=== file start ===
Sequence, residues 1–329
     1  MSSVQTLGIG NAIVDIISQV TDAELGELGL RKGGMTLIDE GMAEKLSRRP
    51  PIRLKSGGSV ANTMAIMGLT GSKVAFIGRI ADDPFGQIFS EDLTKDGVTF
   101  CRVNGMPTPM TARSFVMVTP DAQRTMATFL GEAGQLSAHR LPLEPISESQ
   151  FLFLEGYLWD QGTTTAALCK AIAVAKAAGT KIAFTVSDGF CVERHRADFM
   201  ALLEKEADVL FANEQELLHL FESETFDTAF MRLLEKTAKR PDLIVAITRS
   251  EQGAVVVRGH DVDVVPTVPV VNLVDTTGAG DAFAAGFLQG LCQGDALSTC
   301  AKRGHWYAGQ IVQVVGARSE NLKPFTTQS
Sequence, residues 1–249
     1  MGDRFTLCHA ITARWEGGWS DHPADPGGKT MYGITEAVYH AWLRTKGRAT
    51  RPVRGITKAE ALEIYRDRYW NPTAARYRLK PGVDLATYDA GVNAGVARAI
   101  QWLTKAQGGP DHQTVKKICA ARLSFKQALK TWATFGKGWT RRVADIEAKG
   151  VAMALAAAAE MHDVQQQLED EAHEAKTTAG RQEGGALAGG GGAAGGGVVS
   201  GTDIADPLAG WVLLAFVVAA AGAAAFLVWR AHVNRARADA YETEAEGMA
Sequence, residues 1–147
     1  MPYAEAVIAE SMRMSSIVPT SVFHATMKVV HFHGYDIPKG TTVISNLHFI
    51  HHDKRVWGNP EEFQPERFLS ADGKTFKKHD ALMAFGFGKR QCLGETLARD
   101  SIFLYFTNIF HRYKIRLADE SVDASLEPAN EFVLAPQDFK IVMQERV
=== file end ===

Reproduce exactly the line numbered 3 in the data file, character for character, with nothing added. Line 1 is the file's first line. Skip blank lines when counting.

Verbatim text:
    51  PIRLKSGGSV ANTMAIMGLT GSKVAFIGRI ADDPFGQIFS EDLTKDGVTF